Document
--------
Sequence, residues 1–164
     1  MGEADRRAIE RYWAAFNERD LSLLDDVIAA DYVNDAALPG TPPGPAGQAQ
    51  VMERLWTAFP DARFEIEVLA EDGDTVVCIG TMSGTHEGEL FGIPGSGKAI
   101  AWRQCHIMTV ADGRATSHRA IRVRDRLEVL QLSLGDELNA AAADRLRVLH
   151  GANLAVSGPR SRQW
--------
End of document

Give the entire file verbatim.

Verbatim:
Sequence, residues 1–164
     1  MGEADRRAIE RYWAAFNERD LSLLDDVIAA DYVNDAALPG TPPGPAGQAQ
    51  VMERLWTAFP DARFEIEVLA EDGDTVVCIG TMSGTHEGEL FGIPGSGKAI
   101  AWRQCHIMTV ADGRATSHRA IRVRDRLEVL QLSLGDELNA AAADRLRVLH
   151  GANLAVSGPR SRQW